Cleaning Up Historical Data

Historical data like the Camunda Audit Trail will constantly grow in your database. Use the History Cleanup feature to limit the size of your database.
Cleaning Up Historical Data

Using the History Cleanup Feature

Since version 7.7 Camunda provides a History Cleanup feature. The cleanup can be triggered manually, but is normally done automatically.

In order to run it automatically you have to switch it on in the camunda configuration as described the documentaion on periodic runs.

You also have to configure the Time-To-Live (TTL) for your process definitions, which is most often done in the BPMN model. Typical values used are in between three to six months — but are of course depending on your own business requirements. You find information on how to set the TTL in the the documentaion on History Time to Live and the extension reference. Note that if you are not configuring any TTL, the corresponding process instances will never be cleaned up by the Camunda history cleanup feature.

Cleaning up Deployments Yourself

When you have multiple versions of a deployment in production, the history cleanup might eventually delete all process, case and decision instances connected to a certain deployment version. Camunda does not delete any stale deployments automatically.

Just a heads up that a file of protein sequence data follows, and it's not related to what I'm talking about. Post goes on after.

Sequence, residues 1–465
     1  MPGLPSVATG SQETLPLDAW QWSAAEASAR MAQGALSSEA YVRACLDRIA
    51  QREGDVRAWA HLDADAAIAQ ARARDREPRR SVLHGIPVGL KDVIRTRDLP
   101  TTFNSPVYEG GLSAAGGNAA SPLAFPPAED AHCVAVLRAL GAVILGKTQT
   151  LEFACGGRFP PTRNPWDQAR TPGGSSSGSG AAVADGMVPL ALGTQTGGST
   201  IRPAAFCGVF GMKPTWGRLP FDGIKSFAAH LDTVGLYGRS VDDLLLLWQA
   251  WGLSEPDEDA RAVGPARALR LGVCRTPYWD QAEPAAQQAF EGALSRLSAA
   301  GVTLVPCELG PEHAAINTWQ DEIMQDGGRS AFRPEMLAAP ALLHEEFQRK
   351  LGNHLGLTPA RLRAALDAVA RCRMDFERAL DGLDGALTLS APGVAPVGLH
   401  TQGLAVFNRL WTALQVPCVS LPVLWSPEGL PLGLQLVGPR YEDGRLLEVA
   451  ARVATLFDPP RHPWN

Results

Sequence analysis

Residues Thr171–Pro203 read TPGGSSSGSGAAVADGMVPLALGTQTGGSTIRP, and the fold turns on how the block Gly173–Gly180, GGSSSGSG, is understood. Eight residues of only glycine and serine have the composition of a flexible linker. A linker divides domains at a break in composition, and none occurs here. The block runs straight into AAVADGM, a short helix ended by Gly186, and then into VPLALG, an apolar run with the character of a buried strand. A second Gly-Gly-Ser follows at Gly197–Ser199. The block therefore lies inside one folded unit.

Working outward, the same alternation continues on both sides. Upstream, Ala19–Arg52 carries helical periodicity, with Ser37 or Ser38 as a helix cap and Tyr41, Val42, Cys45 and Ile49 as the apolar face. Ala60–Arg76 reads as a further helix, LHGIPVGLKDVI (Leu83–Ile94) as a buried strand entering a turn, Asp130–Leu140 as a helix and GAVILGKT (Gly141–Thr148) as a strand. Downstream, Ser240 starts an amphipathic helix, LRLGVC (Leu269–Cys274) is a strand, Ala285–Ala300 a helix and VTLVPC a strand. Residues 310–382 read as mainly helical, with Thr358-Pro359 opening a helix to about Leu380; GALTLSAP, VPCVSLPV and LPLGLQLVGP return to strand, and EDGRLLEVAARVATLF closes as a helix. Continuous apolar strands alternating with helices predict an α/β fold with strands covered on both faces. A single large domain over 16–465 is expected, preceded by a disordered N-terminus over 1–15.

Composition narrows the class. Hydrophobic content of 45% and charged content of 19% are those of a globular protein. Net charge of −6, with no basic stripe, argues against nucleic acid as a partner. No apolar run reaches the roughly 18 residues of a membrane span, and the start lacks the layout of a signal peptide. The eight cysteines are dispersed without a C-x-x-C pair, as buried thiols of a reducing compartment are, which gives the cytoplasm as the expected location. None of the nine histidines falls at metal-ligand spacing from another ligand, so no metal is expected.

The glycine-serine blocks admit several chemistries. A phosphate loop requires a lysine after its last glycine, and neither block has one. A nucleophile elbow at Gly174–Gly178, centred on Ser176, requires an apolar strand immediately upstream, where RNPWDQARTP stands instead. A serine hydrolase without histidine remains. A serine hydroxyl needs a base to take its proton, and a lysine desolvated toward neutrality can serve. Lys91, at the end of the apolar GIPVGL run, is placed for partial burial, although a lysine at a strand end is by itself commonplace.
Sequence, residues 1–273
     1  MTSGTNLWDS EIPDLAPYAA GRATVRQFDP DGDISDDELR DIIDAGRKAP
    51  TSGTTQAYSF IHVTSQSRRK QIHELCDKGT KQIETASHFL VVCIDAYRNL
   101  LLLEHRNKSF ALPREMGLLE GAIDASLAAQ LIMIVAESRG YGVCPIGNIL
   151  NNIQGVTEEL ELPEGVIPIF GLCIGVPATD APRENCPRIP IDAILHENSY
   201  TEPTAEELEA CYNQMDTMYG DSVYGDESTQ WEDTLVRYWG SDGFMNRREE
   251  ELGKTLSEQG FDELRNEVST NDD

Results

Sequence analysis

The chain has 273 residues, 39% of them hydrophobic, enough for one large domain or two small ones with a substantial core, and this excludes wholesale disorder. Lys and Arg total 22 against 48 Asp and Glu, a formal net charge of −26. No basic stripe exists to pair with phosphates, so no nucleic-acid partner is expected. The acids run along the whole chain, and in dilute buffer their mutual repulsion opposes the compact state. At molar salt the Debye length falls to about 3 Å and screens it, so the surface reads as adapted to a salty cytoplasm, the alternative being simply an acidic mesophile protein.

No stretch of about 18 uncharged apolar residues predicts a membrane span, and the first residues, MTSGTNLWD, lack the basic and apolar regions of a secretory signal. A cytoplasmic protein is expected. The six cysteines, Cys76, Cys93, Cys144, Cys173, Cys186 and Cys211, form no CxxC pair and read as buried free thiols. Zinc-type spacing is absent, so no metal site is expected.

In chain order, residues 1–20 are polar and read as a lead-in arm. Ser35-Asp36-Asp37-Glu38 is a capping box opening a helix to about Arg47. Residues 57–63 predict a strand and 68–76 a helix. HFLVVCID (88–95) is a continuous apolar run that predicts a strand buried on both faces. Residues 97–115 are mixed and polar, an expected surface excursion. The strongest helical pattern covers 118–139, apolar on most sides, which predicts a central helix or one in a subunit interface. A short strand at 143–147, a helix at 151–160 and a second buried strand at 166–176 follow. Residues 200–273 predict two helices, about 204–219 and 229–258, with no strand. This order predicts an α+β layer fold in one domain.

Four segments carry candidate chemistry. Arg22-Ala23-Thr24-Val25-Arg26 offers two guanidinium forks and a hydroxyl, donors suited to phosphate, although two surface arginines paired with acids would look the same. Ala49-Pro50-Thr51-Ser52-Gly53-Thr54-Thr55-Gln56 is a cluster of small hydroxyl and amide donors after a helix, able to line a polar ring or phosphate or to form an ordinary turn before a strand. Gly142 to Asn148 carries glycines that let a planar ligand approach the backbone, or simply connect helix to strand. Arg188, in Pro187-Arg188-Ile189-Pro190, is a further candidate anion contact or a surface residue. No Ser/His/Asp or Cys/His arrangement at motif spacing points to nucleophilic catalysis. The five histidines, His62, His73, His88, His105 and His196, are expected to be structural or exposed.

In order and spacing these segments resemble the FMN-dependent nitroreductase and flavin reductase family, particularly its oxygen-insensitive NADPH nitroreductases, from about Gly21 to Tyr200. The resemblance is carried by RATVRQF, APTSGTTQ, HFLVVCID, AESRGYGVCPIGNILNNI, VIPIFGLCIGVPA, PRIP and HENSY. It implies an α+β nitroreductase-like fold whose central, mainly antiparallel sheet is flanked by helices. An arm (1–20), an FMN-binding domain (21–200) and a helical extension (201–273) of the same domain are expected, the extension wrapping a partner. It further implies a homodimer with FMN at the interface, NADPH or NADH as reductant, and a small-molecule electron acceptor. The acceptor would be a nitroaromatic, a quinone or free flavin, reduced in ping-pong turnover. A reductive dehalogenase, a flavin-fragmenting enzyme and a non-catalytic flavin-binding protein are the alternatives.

If you like to keep your process engine clean, you can easily implement a mechanism that queries and deletes deployments which are not the most recent ones and do not have remaining instances left.

Make sure that nothing refers to stale deployments, for example call activities via called element version.

Using the Java API

This code deletes old deployments, which contain only rocess definitions not used anymore. When you use decision or case definitions you have to do the according checks for them as well.

List<Deployment> deployments = repositoryService.createDeploymentQuery().list();
for (Deployment deployment : deployments) {
 boolean deploymentCanBeDeleted = true;

 List<ProcessDefinition> processDefinitions = repositoryService
   .deploymentId(deployment.getId()).list(); (1)
 for (ProcessDefinition processDefinition : processDefinitions) {
  ProcessDefinition latestProcessDefiniton = repositoryService
  boolean isLatest = latestProcessDefiniton.getId().equals(processDefinition.getId()); (2)
  boolean hasRunningInstances = runtimeService
    .processDefinitionId(processDefinition.getId()).count() > 0; (3)
  boolean hasHistoricInstances = historyService
    .processDefinitionId(processDefinition.getId()).count() > 0; (4)
  if (isLatest || hasRunningInstances || hasHistoricInstances) {
    deploymentCanBeDeleted = false;

 if (deploymentCanBeDeleted) {
  repositoryService.deleteDeployment(deployment.getId()); (5)
1 Retrieve all process definitions from every deployment. Important Note: If you use DMN you have to check decision definitions as well!
2 Check that it is not the most recent version of the process definition…​
3 …​that there are no running instances…​
4 …​and no ended instances in the database.